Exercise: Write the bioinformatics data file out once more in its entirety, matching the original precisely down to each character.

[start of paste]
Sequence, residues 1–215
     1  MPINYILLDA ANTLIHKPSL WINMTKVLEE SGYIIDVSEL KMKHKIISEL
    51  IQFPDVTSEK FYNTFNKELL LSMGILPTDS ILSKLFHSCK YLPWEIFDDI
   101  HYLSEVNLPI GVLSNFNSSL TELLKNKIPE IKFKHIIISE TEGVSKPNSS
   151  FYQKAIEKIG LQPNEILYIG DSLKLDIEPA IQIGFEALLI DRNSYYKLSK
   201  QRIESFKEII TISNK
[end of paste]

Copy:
Sequence, residues 1–215
     1  MPINYILLDA ANTLIHKPSL WINMTKVLEE SGYIIDVSEL KMKHKIISEL
    51  IQFPDVTSEK FYNTFNKELL LSMGILPTDS ILSKLFHSCK YLPWEIFDDI
   101  HYLSEVNLPI GVLSNFNSSL TELLKNKIPE IKFKHIIISE TEGVSKPNSS
   151  FYQKAIEKIG LQPNEILYIG DSLKLDIEPA IQIGFEALLI DRNSYYKLSK
   201  QRIESFKEII TISNK